From William Dalrymple—award-winning historian, journalist and travel writer—a masterly retelling of what was perhaps the West’s greatest imperial disaster in the East, and an important parable of neocolonial ambition, folly and hubris that has striking relevance to our own time.
With access to newly discovered primary sources from archives in Afghanistan, Pakistan, Russia and India—including a series of previously untranslated Afghan epic poems and biographies—the author gives us the most immediate and comprehensive account yet of the spectacular first battle for Afghanistan: the British invasion of the remote kingdom in 1839. Led by lancers in scarlet cloaks and plumed helmets, and facing little resistance, nearly 20,000 British and East India Company troops poured through the mountain passes from India into Afghanistan in order to reestablish Shah Shuja ul-Mulk on the throne, and as their puppet. But after little more than two years, the Afghans rose in answer to the call for jihad and the country exploded into rebellion. This First Anglo-Afghan War ended with an entire army of what was then the most powerful military nation in the world ambushed and destroyed in snowbound mountain passes by simply equipped Afghan tribesmen. Only one British man made it through.
But Dalrymple takes us beyond the bare outline of this infamous battle, and with penetrating, balanced insight illuminates the uncanny similarities between the West’s first disastrous entanglement with Afghanistan and the situation today. He delineates the straightforward facts: Shah Shuja and President Hamid Karzai share the same tribal heritage; the Shah’s principal opponents were the Ghilzai tribe, who today make up the bulk of the Taliban’s foot soldiers; the same cities garrisoned by the British are today garrisoned by foreign troops, attacked from the same rings of hills and high passes from which the British faced attack. Dalryrmple also makes clear the byzantine complexity of Afghanistan’s age-old tribal rivalries, the stranglehold they have on the politics of the nation and the ways in which they ensnared both the British in the nineteenth century and NATO forces in the twenty-first.
Informed by the author’s decades-long firsthand knowledge of Afghanistan, and superbly shaped by his hallmark gifts as a narrative historian and his singular eye for the evocation of place and culture, The Return of a King is both the definitive analysis of the First Anglo-Afghan War and a work of stunning topicality.
A fascinating story of the First Afghan War, one of the most stupid – in planning and execution – actions in British colonial history.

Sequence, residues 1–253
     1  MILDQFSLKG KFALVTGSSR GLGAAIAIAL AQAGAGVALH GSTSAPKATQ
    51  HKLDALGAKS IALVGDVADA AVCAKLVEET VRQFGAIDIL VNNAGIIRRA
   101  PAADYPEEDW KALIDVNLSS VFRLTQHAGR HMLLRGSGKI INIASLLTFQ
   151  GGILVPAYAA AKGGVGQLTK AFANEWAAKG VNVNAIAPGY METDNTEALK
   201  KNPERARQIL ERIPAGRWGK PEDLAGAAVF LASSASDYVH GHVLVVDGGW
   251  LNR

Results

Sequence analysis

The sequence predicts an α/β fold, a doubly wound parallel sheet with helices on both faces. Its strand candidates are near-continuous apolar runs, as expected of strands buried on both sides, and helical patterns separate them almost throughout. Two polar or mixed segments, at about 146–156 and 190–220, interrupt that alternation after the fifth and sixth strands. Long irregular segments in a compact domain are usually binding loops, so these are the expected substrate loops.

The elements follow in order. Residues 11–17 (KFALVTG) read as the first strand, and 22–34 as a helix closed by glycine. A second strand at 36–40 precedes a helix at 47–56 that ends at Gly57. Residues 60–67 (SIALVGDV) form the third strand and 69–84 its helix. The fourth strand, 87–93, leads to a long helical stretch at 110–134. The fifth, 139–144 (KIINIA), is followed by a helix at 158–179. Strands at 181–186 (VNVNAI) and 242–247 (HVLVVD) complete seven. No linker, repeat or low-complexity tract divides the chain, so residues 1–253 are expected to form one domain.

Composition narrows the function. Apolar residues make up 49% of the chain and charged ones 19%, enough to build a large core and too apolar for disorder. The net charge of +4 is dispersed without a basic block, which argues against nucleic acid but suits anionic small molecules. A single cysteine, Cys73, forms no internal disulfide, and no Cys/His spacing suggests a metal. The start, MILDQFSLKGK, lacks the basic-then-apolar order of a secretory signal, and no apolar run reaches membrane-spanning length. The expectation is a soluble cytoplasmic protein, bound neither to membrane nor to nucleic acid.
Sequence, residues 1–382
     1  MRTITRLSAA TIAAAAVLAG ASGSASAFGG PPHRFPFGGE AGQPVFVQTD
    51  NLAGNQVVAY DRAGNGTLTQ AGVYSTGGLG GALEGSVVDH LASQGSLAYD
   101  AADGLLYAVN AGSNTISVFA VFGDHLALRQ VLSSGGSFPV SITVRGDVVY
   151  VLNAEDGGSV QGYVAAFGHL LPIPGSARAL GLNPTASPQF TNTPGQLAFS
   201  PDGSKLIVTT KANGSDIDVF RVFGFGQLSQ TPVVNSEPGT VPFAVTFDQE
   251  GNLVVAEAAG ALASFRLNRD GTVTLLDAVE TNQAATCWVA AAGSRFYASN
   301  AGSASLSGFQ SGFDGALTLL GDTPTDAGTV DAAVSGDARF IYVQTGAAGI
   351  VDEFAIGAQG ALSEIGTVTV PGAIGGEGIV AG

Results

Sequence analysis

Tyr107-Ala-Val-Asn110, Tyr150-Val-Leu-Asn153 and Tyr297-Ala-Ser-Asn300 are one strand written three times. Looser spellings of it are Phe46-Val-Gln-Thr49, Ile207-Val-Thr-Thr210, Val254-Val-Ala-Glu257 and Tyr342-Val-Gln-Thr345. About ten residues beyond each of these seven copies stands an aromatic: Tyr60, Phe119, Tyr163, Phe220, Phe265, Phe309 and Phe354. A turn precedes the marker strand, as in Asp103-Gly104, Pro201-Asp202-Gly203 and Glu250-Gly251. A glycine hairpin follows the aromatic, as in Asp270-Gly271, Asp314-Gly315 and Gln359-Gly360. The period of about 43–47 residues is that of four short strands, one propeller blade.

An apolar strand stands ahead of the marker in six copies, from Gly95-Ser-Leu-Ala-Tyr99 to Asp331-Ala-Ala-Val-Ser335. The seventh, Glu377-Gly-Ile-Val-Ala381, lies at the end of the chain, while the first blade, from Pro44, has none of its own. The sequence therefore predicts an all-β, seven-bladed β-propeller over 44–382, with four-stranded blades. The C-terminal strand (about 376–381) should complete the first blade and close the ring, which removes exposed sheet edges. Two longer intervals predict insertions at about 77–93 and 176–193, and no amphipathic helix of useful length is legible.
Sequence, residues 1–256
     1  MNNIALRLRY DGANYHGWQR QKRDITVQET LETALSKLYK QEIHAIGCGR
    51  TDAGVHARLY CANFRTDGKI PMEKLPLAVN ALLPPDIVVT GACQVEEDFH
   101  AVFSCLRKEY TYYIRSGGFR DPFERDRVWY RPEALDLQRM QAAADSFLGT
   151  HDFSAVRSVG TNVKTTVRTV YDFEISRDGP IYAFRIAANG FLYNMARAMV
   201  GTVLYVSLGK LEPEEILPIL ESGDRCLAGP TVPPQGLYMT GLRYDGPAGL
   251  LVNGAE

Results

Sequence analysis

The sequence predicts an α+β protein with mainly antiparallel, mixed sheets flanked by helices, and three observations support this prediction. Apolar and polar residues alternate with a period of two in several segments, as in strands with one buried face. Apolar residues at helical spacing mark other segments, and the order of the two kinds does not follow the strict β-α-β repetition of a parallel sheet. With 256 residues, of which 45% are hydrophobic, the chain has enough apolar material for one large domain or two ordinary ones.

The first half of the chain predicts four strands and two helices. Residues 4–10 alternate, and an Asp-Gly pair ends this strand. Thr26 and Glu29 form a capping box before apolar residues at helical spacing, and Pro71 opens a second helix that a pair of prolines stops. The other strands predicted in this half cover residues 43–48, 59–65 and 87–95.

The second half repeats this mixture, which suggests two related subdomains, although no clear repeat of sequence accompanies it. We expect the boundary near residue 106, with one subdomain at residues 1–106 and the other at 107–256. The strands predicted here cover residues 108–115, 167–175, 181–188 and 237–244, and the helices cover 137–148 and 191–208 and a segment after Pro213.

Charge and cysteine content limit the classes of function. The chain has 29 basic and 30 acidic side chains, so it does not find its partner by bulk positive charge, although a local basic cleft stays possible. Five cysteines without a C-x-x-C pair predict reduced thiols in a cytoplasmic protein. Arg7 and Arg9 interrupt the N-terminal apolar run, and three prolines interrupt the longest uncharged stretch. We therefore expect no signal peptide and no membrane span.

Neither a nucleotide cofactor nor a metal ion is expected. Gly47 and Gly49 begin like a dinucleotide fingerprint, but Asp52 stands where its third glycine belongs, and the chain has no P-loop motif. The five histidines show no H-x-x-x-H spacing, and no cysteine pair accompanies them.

One wonders at the incompetence of the British – how did they manage to acquire and keep an empire?
Dalrymple has done much original research for this book and has uncovered previously unknown facts.
The book – like all Dalrymple’s writings – is exciting, entertaining and informative.
I am not sure that there are lessons for today in this history, but the reader should make up his or her own mind about that.
I read the Kindle version. The pictures and maps do not come out well but otherwise the reading experience was fine.
This is s very comprehensive detailed historical review of the British invasion of Afghanistan in 1839.
The British had the choice of two alternative viewpoints and strategies. They chose the wrong one mainly because of wholly inept leadership under Lord Auckland; he in turn entrusted the actual invasion to poor leaders, partly on the basis of class distinctions.
The purpose of the invasion was to re-instate one of the candidates for king; they chose the wrong candidate. As is well known the British forces, again ineptly led, tried to leave the country once it became obvious that their mission had failed. One person was allowed to escape back to India. What is not so well known is that a second British force under a General Pollock returned to Afghanistan with the sole purpose of taking revenge, which he did. Kabul and Jalalabad were destroyed. The King that the British had rejected reclaimed his throne. Hamid Karzai the current Afghan leader is a descendant of Shuja the deposed King.
Whilst well researched the book is far too long. Much of the endless pieces of individuals correspondence could have been included in an appendix.